Equine Wellness

Beat the Heat

Beat the Heat
NW Horse Source

Help Your Horse Cope with Hot Weather

by Laurie A. Cerny

 

Photo credit Laurie Cerny

The heat of summer can take its toll on horses. Rising temperatures and high humidity not only make it uncomfortable they also add stress, especially to equine seniors and horses with respiratory problems. There are several things horse owners can do to make their equine partners more comfortable at home and at a horse show, from offering shade and good ventilation to stabled/pastured horses to trailering show horses during the coolest times of the day.

Here are some tips for helping your horse deal with the heat:

  • Provide shade. For pastured animals this means either a shade tree, a run-in shed, or access to a stall. At an outdoor horse show give your horse a break when waiting for classes by standing in a barn aisleway or under a tree.
  • Increase ventilation for stabled horses. Fans and open doorways are a great way to allow air movement through a barn. Box fans offer a nice relief in individual stalls. Adding a half door or using a stall guard also allows airflow into a stall.
  • Pay attention to the movement of the sun and to which parts of your barn get hot at certain times of the day. Stalls located near barn walls that get southern or western exposure can get 5-10 degrees hotter than stalls located elsewhere. If possible, rotate horses so the ones that are normally in those stalls during the heat of the day are moved to the cooler side of the barn.
  • Consider adding windows to your barn (if you don’t already have them). Turning a stall into a run-in stall will also add a doorway and additional airflow to an otherwise long and closed in area.
  • Consider planting trees, especially conifers, near your barn. These trees will offer shade in the summer and block harsh winds during the winter.
  • Provide plenty of clean, cool water to horses at all times. An average adult horse should drink at least 5-10 gallons per day (20-25 daily during very hot weather).  If your horse is not adequately drinking water add salt to their grain. You can also soak your horse’s hay to help increase water intake.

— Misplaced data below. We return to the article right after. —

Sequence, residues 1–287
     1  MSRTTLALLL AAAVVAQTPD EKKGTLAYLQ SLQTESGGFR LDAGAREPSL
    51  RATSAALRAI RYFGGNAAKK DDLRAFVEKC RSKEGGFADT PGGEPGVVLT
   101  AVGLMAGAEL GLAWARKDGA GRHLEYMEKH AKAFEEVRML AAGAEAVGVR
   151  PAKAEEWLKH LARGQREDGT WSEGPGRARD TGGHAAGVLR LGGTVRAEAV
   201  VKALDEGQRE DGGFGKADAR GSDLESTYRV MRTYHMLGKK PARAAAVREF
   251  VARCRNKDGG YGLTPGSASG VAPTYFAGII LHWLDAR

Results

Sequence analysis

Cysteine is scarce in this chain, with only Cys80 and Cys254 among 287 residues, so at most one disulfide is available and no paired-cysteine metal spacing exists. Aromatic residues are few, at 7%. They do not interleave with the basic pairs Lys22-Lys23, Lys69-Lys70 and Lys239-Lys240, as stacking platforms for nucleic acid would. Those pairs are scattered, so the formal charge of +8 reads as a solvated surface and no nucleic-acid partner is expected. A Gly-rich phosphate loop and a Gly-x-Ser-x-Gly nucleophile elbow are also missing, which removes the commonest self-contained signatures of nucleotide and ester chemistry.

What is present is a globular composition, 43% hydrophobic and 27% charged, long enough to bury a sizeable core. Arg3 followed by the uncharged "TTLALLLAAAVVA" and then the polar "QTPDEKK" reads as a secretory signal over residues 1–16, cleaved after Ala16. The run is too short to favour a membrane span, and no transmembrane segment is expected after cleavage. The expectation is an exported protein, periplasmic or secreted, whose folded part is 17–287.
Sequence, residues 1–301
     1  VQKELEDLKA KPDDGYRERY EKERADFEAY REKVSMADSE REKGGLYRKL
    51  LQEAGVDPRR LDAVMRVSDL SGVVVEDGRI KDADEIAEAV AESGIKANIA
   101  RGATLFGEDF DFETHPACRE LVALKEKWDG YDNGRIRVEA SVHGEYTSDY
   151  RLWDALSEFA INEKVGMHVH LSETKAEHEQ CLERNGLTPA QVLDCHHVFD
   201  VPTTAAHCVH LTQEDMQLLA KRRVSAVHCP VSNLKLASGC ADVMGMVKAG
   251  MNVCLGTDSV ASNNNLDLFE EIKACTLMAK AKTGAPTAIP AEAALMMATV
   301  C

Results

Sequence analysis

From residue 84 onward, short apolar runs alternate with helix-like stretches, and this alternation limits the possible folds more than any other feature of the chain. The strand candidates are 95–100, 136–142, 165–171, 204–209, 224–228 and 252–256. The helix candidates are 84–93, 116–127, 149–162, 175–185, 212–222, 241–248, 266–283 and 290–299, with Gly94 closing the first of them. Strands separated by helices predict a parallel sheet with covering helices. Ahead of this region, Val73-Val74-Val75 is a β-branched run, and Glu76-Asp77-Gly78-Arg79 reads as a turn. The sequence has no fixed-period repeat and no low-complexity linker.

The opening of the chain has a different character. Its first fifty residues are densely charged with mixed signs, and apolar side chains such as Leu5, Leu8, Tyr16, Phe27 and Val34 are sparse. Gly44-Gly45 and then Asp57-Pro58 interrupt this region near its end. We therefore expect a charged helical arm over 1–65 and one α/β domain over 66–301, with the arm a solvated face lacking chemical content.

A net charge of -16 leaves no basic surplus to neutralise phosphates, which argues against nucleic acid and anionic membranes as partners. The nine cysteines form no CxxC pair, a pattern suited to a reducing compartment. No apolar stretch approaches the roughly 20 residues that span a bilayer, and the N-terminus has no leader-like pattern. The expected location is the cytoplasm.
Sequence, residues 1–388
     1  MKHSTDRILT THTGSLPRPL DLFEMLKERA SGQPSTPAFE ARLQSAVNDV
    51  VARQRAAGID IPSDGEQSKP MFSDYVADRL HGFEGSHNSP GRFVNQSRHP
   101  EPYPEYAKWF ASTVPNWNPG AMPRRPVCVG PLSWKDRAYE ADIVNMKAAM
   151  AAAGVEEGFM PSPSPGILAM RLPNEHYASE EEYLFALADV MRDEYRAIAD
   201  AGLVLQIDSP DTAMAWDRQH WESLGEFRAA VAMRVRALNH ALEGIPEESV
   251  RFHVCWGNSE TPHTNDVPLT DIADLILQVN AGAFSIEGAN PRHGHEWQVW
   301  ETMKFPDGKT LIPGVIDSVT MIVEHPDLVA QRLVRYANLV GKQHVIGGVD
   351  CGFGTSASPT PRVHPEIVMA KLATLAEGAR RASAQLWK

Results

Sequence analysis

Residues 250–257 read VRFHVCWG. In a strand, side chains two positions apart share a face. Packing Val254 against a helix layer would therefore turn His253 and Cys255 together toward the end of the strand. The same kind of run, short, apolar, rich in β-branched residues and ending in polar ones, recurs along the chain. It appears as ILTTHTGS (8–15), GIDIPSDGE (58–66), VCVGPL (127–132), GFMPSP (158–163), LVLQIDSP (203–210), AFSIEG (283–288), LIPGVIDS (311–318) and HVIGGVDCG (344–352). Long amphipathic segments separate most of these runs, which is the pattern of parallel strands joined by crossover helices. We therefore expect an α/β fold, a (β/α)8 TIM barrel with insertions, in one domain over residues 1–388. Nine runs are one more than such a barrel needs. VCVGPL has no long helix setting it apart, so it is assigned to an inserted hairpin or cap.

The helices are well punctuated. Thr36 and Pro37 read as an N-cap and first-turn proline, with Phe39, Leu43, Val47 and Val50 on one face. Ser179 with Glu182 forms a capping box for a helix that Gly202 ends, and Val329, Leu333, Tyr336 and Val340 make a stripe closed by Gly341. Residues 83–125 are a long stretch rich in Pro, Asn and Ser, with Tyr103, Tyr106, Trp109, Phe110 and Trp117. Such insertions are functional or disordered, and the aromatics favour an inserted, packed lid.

• Keep horse-wear to a minimum. Heavy blanketing would be just like wearing your winter coat in the summer. Stick with summer sheets (of light color) when blanketing for a show. 
  • Use a fly mask for outdoor turnout. Masks not only provide fly protection, but also block out sunshine, which is helpful for horses with photosensitivity.
  • Exercise horses at the coolest times of the day.
  • Haul early in the morning and in the evening when possible. During extremely hot weather hose your horse down before loading.
  • Stalls at horse shows can become sweltering if there are no windows in the stables. Take a box fan and make sure to get your horse out of the stall several times daily.
  • Feed small amounts of hay more frequently and cut back on heat producing forages like heavy grains. This will help keep body heat from spiking after a large feeding.
  • Monitor your horse’s stress level, including vital signs, sweating, and the amount of water consumption. Normal respiration rate is 8-20 breaths per minute. Normal pulse is 28-45 beats per minute. And the normal temperature for a horse is 99-101 degrees Fahrenheit.
  • Don’t overwork horses during extremely hot and humid weather. Horses can suffer from heat stroke, just like humans. During long training sessions, periodically give horses a 5-10 minute break. At an all-day horse show you may need to consider dropping a class or two. Horses with heavy exercise and show schedules should also be supplemented with electrolytes.

 

Published July 2013 Issue

 

 

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